VOL: 102, ISSUE: 01, PAGE NO: 22
Helen L. Day, MSc, BSc, RGN, RSCN, DipN, is paediatric critical care clinical educator and outreach facilitator
Rachel M. Taylor, MSc, RGN, RSCN, DipRes, is nurse researcher; both at the Paediatric Liver Centre, King's College Hospital, LondonPart 4 of this series summarises the most common chronic liver diseases seen in children and adults.
Part 4 of this series summarises the most common chronic liver diseases seen in children and adults.
Jaundice occurs when serum bilirubin rises above 50-100mcmol/L. High concentrations lead to deposits in the skin and eyes, with the patient's colour going from a pale yellow to green if very severe. This is often accompanied by dark urine and pale stools. A complication of unconjugated hyperbilirubinaemia is severe brain damage (kernicterus). Treatment includes drugs and phototherapy for some unconjugated disorders (Whittington, 1996; Kirsch et al, 1995).
Pruritus is intense itching caused by the irritation of the cutaneous sensory nerves, probably by retained bile salts. Treatments include pharmacological and complementary therapies, but these have minimal effect. Severe pruritus can reduce quality of life significantly and can be an indication for liver transplantation (Mela et al, 2003; Whittington, 1996).
Hepato/splenomegaly - A fibrotic liver is enlarged and hard. The spleen enlarges because of the hyperplasia of the reticuloendothelial tissue and congestion. Hepato/splenomegaly is often associated with portal hypertension (Kirsch et al, 1995).
Portal hypertension (PHT) is an increase in portal venous pressure above 5-10mmHg and the formation of portosystemic collaterals, which divert blood to the systemic circulation, bypassing the liver. PHT can be intrahepatic or extrahepatic. In extrahepatic PHT, the liver works normally. The main complication is ruptured varices. The commonest presentation is malaena or haematemesis. Once collaterals are formed, resistance to portal blood flow is higher than normal, so they do not provide total decompression. Varices develop from the collateral circulation and, where they extend toward a superficial surface, such as the rectum, they may rupture, which can be life threatening. Ruptured varices are treated endoscopically with sclerotherapy, or the varix will be banded. Many patients will be given intravenous octreotide acetate. Propranolol is often used, although the efficacy of this in children has not been established (Sherlock and Dooley, 1997).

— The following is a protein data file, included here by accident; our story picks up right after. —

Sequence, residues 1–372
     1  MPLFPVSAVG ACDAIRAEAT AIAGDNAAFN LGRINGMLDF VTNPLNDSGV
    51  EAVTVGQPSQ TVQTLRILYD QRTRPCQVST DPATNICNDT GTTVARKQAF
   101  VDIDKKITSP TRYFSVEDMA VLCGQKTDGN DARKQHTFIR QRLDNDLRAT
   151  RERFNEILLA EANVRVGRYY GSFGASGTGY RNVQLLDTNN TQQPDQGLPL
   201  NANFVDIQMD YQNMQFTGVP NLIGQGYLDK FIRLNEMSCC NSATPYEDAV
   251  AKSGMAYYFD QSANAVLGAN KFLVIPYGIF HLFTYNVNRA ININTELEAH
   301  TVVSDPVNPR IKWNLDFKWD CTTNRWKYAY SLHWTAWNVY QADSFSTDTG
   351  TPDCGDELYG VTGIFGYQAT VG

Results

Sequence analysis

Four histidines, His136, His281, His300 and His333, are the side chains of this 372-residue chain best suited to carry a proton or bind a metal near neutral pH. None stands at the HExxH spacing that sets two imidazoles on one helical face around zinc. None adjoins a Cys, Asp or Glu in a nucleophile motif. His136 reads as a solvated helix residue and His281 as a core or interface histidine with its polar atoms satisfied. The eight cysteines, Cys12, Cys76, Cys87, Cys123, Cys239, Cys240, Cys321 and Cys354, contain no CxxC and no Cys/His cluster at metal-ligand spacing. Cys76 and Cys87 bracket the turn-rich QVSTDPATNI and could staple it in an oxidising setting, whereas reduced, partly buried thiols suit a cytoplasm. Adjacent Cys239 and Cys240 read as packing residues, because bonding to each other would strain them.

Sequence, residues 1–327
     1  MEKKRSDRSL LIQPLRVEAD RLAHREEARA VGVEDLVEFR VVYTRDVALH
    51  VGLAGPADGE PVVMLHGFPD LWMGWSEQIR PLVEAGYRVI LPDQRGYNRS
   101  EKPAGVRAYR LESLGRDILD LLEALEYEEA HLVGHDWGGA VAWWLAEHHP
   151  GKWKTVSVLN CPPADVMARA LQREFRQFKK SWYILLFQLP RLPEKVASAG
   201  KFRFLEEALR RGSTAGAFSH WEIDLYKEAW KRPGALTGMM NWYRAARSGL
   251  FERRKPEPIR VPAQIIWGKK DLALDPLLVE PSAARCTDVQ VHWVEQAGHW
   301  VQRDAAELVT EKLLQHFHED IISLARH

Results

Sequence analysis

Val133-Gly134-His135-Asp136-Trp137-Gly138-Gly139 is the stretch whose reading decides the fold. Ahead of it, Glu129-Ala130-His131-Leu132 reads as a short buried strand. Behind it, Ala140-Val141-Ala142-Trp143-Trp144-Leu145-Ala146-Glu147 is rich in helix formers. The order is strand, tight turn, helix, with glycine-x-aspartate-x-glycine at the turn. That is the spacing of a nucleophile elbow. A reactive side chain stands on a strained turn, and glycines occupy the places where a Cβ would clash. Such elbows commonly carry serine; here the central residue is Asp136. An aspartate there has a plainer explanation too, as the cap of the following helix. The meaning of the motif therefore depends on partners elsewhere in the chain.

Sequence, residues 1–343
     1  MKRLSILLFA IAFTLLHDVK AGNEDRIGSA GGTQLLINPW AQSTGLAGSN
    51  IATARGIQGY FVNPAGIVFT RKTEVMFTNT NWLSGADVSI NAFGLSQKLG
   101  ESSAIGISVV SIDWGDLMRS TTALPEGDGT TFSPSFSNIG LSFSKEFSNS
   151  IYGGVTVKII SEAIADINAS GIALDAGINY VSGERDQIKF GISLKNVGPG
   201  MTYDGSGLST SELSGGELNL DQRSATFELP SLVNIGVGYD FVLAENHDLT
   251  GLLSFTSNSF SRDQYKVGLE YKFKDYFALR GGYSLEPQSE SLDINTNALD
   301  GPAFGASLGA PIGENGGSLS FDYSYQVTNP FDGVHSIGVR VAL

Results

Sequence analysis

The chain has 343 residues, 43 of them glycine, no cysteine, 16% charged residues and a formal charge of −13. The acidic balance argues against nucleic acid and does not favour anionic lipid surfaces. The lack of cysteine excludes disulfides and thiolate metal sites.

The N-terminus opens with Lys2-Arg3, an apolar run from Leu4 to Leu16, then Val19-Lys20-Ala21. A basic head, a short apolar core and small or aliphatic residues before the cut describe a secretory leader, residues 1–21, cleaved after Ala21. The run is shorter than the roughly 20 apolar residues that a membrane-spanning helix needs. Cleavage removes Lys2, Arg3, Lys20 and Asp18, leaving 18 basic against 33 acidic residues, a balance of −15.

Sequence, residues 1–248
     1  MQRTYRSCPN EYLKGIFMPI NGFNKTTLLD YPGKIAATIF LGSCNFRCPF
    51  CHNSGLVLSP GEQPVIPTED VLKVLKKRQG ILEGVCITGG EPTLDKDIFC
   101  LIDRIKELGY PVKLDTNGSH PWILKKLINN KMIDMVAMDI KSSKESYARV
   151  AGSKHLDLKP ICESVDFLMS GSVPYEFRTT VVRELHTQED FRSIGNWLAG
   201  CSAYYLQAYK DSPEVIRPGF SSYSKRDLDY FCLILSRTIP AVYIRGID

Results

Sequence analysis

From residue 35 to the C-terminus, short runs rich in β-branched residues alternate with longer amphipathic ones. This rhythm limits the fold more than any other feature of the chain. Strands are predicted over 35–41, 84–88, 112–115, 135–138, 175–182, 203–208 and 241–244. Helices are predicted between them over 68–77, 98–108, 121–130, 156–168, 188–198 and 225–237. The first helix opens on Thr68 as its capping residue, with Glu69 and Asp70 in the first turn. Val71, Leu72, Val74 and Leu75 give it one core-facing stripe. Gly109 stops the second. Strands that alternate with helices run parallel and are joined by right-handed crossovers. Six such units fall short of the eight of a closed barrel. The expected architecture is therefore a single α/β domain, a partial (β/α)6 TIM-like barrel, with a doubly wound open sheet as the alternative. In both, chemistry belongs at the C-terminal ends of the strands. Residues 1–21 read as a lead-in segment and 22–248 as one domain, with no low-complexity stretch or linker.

Ascites is a protein-rich fluid, which accumulates in the peritoneal cavity. It is associated with portal hypertension, hepatocellular damage and a drop in serum albumin. Ascites is thought to develop due to a combination of factors (Fig 1) and can compromise the patient's health in a number of ways:
- Pressure on the abdomen causes diaphragmatic splinting and can result in respiratory distress;
- Increased pressure in the abdomen reduces stomach capacity, causing nausea, vomiting, poor weight gain in children and abdominal compartment syndrome;
- Poor mobility and resulting impeded development.
Treatments of ascites include ascitic tap or intravenous low-sodium albumin infusions to increase oncotic pressure. Monitoring of intra-abdominal pressure may guide further management (Sherlock and Dooley, 1997; Kirsch et al, 1995).
Coagulopathy - The pathophysiology of this was discussed in part 2. Caution is needed with invasive procedures and coagulation factors and blood products may be needed (Sherlock and Dooley, 1997).
Encephalopathy is usually observed in adults and some children with acute liver failure; chronic encephalopathy occurs in some adult patients with chronic liver disease (Sherlock and Dooley, 1997; Kirsch et al, 1995). This will be discussed in part 5.
Malnutrition and failure to thrive - As the liver is responsible for metabolism, malnutrition in adults and children and failure to thrive in infants is commonly observed. Nutritional management is essential to promote recovery from disease, optimise preparation for liver transplantation and aid recovery after transplantation (Whittington, 1996; Baker et al, 1995).
Xanthomas are caused by high serum cholesterol concentrations. Small, yellow nodules of fat, they accumulate under the skin, particularly around joints (Fig 2). They cannot be treated but are harmless and reabsorbed after transplantation (Whittington, 1996).
Spider naevi are superficial arterioles developing into a series of fine, radiating branches on the face, neck, forearms and backs of hands. The presence of 10 or more suggests chronic liver disease (Kirsch et al, 1995).
Palmar erythema - The loss of capillary dilatation in severe liver disease results in the palms of the hands becoming mottled, bright red and warm. This is not life threatening. There is no treatment (Kirsch et al, 1995).
Hepatorenal syndrome may occur in patients with chronic liver disease and PHT. Patients present with impaired renal function but normal tubular function. It may be difficult to distinguish hepatic from renal failure. Survival depends upon the reversibility of the liver disease. Treatment includes pharmacological therapies and liver transplantation (Arroyo et al, 2005).
Hepatopulmonary syndrome - About one-third of adult patients and some children with decompensated cirrhosis are cyanotic. This may be due to intrapulmonary shunting through arteriovenous fistulae, which usually resolves within weeks of liver transplantation (Brown and Zacks, 2000).
Chronic liver disease and associated signs and symptoms present a challenge for clinical management as liver failure affects all body systems.
While this part of the series concentrates on the physical symptoms of chronic liver disease, it needs to be remembered that these can also have many far-reaching implications for the patients' psychosocial well-being.
- This article has been double-blind peer-reviewed.
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